Three-Point Rotary Lawn and Brush Mower Safety

Small Farm and Gardening Safety and Health Series
AEX-790.31
Agriculture and Natural Resources
Date: 
11/20/2015
S. Dee Jepsen, Associate Professor and State Safety Leader, Agricultural Safety and Health, Food, Agricultural and Biological Engineering
Jeffery Suchy, Graduate Student and Lecturer, Food, Agricultural and Biological Engineering

Rotary lawn and brush cutters are useful compact tractor attachments and are used for reclaiming overgrown brush, pasture maintenance, incorporating cover crops and maintaining lawn areas. Knowing equipment capabilities allows for the use of the right mower for the job. The operator’s manual will help determine if the mower is designed for the intended job.

Selection

Three-point rotary lawn and brush mowers have similarities in appearance, but they function differently. Rotary lawn mowers are designed for use in manicured lawn areas that are mostly free from brush and debris, while rotary brush mowers are designed for use in rough terrain containing brush and overgrown vegetation.

Rotary Lawn Mowers

Rotary Brush Mower

These have fixed blades that are rigidly attached to the spindle. The blades are generally thinner and sharper than brush mowers, and are intended for cutting grass to an even height in maintained lawn areas. They are not designed to withstand repeated impacts with hard objects and brush.

Rotary Brush Mowers

These have blades that are not rigidly attached to the spindle but on hinges that allow the blade to pivot if it hits a rock or stump. This helps prevent damage to the equipment and allows the thick, heavy blades to continue rotating to cut through tough brush and vegetation.

Safe Operation

When operating mowing equipment, keep bystanders away from the equipment and have them maintain a clear enough distance to avoid the hazards of being struck by objects thrown from the blades. Never allow riders on the equipment.

Remove all litter and debris from the area to be mowed. Rocks, roadside debris and other objects can be deadly when thrown by a mower blade. 

When using a machine equipped with a rollover protective structure (ROPS), wear a seat belt. Watch for holes and ditches, which may cause loss of mower control. Care must be taken while making turns. A three-point, hitch-mounted mower can swing outward when turning, striking nearby objects and potentially causing the driver to be thrown from the tractor. Adding front ballast weights improves balance and control, and a wide setting for the rear tires enhances tractor stability and reduces the chance of a tractor overturn. Do not operate on steep slopes, and always operate at a safe speed.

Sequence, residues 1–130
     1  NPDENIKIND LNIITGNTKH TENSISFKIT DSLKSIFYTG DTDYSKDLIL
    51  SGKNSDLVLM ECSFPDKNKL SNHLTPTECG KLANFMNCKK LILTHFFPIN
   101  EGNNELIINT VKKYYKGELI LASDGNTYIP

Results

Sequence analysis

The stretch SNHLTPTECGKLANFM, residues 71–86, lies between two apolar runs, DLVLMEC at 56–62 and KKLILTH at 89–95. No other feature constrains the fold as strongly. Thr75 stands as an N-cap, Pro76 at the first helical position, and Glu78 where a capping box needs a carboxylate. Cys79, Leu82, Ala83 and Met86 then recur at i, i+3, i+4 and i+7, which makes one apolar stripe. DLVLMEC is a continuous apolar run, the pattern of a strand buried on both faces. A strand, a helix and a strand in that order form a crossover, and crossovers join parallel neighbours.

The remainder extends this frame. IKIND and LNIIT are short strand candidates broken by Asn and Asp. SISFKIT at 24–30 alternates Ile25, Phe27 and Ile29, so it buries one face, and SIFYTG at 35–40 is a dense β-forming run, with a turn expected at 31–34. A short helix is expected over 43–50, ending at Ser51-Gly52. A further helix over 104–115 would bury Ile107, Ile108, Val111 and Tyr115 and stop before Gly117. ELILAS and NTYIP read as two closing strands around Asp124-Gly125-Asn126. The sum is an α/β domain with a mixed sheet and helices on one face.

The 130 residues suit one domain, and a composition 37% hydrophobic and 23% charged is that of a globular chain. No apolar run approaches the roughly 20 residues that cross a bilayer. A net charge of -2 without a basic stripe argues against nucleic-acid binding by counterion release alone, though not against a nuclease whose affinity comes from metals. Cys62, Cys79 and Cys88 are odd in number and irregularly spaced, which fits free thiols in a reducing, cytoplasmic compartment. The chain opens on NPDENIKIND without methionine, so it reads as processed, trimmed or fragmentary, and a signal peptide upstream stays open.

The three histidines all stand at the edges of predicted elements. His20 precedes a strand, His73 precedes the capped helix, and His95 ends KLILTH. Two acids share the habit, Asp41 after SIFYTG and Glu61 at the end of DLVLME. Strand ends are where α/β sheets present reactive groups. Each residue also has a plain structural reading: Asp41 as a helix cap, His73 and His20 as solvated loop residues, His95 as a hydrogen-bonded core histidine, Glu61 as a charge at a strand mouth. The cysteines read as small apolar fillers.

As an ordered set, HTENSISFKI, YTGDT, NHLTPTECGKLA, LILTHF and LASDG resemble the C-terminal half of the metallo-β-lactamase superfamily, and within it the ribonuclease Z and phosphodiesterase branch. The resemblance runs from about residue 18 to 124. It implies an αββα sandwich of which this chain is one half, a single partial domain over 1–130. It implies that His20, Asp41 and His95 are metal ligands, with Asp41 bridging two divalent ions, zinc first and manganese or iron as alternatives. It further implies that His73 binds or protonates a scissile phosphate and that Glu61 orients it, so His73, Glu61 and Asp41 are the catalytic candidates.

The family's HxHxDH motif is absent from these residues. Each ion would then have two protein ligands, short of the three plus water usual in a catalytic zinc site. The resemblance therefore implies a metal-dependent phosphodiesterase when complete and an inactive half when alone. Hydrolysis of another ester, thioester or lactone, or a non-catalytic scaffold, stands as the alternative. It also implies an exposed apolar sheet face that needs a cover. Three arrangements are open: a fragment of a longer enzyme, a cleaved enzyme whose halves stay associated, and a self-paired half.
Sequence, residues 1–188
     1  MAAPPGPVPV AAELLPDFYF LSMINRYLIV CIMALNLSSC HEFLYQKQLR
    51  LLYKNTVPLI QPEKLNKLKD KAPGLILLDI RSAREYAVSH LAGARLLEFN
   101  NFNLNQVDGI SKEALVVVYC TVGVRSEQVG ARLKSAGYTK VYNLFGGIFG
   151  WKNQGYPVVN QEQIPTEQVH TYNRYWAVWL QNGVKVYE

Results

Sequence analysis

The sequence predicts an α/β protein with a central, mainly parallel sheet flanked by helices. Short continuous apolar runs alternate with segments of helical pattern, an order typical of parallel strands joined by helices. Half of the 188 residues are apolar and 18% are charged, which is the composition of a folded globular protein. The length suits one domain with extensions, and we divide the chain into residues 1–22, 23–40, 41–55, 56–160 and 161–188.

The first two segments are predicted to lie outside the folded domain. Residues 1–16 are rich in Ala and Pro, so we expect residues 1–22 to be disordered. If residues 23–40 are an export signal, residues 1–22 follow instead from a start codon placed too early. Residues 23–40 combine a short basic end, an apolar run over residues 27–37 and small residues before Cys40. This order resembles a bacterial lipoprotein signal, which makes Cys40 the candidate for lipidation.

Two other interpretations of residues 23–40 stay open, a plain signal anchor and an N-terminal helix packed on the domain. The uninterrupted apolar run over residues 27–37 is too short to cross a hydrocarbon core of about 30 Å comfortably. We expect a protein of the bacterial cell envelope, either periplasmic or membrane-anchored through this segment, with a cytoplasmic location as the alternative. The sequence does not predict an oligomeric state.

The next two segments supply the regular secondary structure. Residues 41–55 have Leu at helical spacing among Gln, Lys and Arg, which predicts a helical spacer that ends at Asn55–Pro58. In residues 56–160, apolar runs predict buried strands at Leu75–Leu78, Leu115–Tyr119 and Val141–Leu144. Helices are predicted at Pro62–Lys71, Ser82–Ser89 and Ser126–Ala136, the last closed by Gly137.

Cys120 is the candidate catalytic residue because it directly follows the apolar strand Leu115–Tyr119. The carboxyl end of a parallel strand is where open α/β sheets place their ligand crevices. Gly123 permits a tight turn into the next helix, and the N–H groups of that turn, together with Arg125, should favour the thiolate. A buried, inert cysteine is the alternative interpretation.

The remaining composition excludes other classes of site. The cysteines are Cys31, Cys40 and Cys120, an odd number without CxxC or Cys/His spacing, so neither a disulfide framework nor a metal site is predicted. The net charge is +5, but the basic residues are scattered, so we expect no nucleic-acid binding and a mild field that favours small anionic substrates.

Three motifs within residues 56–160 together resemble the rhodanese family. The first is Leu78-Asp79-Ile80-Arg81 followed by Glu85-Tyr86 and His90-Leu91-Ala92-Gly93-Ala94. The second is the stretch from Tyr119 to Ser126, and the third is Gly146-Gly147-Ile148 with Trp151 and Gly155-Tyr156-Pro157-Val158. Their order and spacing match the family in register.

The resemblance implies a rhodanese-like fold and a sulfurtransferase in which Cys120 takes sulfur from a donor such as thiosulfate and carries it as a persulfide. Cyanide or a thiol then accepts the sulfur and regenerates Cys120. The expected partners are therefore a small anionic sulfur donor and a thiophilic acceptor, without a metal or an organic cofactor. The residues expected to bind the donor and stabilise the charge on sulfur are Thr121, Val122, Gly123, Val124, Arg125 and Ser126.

Wear close-fitting clothing that won’t get tangled in moving parts, such as the power take-off (PTO) shaft. Basic personal protective equipment (PPE) recommended for mowing activities includes safety glasses, hearing protection, work gloves and leather boots.

Before dismounting from the tractor, disengage the PTO, turn off the engine and set the brakes. The blades will continue to rotate after the power has been shut off. When approaching the mower, make sure the blades are not rotating.


Rotating Blades and Thrown Objects Danger Label Rotating Components
Warning Label

Maintenance and Inspection

Hazard risks increase when equipment is not well maintained. Know proper maintenance procedures. Frequently check machinery for loose parts and blade condition. Mower blades should be replaced if they are bent, cracked or too dull to sharpen. Rotary mowers are equipped with runners and safety guards. To avoid excessive wear on the runners, keep the mower high enough to avoid riding on the runners. Keep all guards in place and well maintained, including the PTO shield. Chain or belt guards cover the space between the bottom of the mower and the ground, and they reduce the possibility of objects being thrown from under the mower. Inspect and replace as necessary due to wear and tear.

References

• Jepsen, Dee, M. Wonacott, P. Ling, and T. Bean. Rotary Lawn and Brush Mower Safety, AEX-192.1.57. Columbus, OH: Ohio State University Extension, 2006.
 

Reviewer: Kent McGuire, CFAES Safety and Health Coordinator, Food, Agricultural and Biological Engineering
Ohioline http://ohioline.osu.edu